“Yes, okay…yes, that would be a good idea. You can sleep over.” She responded in a voice so quiet and slow, that almost didn’t sound like her.
“Are you sure it’s okay?” I was confused. Not because I didn’t want to sleep over Kathy’s, but because it was really weird that she was saying yes on a school night. And, even weirder that she had said it would be a good idea. Since when is sleeping over a friend’s house on a school night a good idea?
“Yes, you can sleep over Kathy’s house, okay?” Then she mumbled something about having to go far away, so it would be good if I stayed at Kathy’s.
“Bye honey. I love you.”
“What did she say??” Kathy asked, with her hands folded into a prayer, after I hung up.
“Um, she said I could sleep over.”
“Yay!!” Kathy clapped her hands and jumped up and down.
But, I was uneasy.
“Something’s not right, Kathy. I need to call my mom back.”
“Noo!!” Kathy slumped down onto the couch, “What do you mean, something’s not right?”
I had heard my parents arguing from time to time recently. Once or twice I’d heard my mother threaten my father that she was going to leave him and move back in with her mother in Arkansas. But it never happened.
However, I thought I’d heard my mother say something under her breath about “going far away” and was worried that she was going to go to Arkansas without me. So I called her right back.
“Mom, why did you say it would be good for me to stay over at Kathy’s on a school night?”
“Because I have to go away, and it would be better if you’re there.”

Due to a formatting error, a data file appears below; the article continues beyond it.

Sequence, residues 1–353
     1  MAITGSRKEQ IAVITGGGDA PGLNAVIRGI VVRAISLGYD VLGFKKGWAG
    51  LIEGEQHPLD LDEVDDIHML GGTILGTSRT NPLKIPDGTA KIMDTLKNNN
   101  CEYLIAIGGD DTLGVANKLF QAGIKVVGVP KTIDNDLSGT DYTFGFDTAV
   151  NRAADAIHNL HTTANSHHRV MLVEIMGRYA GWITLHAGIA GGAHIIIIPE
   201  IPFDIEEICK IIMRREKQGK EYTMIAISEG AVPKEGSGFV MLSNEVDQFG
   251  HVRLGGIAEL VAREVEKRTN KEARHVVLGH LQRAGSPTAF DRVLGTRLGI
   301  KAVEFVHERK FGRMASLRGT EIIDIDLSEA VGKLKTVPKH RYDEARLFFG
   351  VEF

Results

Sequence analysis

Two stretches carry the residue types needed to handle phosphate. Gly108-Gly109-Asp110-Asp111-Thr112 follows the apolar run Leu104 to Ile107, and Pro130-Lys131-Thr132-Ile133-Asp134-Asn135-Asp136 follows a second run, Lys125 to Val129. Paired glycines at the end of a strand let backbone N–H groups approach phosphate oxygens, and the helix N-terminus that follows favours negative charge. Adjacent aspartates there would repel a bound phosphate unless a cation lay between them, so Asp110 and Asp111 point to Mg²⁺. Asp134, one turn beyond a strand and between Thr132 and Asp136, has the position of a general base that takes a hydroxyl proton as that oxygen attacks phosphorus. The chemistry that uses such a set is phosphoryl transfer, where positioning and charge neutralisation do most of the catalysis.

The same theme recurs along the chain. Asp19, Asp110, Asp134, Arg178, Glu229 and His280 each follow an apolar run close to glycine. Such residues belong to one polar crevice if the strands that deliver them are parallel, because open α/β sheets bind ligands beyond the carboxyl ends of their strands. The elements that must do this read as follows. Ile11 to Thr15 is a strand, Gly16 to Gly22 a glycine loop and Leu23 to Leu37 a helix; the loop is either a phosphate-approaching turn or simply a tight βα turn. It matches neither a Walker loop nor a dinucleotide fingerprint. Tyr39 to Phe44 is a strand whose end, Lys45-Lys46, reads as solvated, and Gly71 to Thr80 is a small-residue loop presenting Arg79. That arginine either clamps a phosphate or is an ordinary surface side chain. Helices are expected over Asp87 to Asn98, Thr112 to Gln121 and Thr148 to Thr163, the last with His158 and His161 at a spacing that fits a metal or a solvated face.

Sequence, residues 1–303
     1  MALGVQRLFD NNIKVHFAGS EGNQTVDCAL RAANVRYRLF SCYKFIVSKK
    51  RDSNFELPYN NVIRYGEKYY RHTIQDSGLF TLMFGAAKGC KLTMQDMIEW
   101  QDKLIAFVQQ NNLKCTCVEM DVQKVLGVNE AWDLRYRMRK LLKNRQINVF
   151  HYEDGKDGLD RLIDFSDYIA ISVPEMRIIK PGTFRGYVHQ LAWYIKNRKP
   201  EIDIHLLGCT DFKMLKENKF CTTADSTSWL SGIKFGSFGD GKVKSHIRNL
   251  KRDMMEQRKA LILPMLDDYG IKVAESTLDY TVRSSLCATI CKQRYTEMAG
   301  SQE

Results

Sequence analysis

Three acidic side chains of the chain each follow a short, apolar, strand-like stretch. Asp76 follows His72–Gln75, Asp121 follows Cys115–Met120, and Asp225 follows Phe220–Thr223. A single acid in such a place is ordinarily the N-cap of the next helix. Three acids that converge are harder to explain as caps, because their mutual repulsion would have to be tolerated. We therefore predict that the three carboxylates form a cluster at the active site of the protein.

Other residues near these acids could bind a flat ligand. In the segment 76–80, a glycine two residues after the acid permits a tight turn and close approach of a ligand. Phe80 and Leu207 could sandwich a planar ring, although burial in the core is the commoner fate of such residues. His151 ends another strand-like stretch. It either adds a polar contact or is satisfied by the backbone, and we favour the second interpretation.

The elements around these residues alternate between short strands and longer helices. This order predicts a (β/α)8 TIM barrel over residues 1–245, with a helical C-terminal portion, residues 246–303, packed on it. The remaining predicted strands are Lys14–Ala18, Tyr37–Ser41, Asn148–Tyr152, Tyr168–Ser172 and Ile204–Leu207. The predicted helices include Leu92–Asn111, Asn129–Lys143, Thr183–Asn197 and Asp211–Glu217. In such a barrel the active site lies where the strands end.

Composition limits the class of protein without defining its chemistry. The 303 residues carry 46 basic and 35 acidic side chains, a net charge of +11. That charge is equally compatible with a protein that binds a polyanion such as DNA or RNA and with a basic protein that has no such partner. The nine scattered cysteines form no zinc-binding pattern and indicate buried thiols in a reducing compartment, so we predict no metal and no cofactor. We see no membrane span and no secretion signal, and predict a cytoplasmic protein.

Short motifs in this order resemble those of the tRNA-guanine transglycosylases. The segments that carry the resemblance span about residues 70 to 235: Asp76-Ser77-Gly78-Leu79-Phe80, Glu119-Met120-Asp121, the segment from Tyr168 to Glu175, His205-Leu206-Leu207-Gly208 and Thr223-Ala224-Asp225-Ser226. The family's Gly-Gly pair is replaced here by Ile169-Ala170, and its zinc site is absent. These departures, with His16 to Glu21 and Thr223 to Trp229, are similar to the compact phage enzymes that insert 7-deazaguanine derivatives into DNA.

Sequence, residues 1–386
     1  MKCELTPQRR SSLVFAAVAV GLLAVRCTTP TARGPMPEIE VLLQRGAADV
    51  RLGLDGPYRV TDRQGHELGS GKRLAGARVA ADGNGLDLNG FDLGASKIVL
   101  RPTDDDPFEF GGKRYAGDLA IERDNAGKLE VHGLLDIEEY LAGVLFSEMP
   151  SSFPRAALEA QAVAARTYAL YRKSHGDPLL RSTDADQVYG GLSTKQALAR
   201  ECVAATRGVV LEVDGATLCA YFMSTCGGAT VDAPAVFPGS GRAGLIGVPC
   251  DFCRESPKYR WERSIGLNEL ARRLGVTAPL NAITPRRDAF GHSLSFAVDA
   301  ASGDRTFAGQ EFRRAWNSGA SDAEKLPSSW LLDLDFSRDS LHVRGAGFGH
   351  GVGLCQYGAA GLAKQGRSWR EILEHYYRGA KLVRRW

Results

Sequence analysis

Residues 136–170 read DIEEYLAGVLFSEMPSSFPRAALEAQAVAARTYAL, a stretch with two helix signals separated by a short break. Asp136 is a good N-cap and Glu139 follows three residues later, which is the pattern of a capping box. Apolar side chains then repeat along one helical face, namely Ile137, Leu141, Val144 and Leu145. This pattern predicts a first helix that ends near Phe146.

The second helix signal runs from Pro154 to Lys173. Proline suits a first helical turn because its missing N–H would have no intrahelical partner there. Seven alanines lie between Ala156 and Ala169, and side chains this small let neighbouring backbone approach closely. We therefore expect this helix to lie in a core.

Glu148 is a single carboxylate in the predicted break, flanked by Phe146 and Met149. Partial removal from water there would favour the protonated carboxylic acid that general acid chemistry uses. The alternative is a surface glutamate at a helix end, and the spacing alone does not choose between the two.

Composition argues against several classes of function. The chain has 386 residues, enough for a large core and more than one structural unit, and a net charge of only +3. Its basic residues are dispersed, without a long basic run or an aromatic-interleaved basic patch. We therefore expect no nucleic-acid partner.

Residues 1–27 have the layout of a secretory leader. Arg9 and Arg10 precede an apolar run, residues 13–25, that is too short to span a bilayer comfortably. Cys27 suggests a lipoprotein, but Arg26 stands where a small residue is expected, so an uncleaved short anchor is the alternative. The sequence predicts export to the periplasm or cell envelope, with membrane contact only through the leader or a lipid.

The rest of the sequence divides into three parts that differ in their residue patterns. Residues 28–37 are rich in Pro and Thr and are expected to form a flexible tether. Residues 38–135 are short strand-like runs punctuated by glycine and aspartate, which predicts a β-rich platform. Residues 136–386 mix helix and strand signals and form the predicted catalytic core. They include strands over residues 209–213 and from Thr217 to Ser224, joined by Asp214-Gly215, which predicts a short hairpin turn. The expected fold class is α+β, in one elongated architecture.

“Why?” I asked, “Where are you going? Can I come with you?” assuming she was going to tell me she that was going to go to my Grandmother’s house in Arkansas.
“No, honey, you can’t come with me. I’m going far, far away.”
I started to cry.
“But, why not? I want to come with you! Please don’t leave me!” I begged and sobbed.
“You can’t come with me,” she explained, “because you’d have to…” She paused before finishing.
“You’d have to die.”
I started crying and begging my mother not to die. I pleaded her to get in the car right now and come pick me up.
“Please don’t kill yourself, mommy! Please come pick me up right now!”
“Okay.” She said reluctantly.
I got off the phone, and burst into full blown tears. I fell onto Kathy’s living room couch. I heard my little ten-year-old voice crying and sobbing, “My mom was going to kill herself, but I told her not to and she’s coming to pick me up right now!”
I remember distinctly remember feeling so wrong, a dark feeling of dread came over me. Just the most awful, out of place emotion for ten-year-old. Like, in a split second, I was no longer a child, but specifically, I felt like I was 30-years-old. Like, the age 30 literally came to mind. What does age 30 represent to a 9-year-old child? It’s all responsibility and no fun (of course, when I did actually did turn 30, I realized it was not as old, and way more fun than how I pictured it when I was ten, but I digress).
Even my friend Kathy, who couldn’t have been older than eleven or twelve, looked traumatized by what I had just told her. Absolutely stunned. She ran out of the living room and came back with a glass of water and a box of tissues, not knowing what else to do. I drank the water wondering if it would somehow make me feel better. Then her mother came into room to find out what was wrong.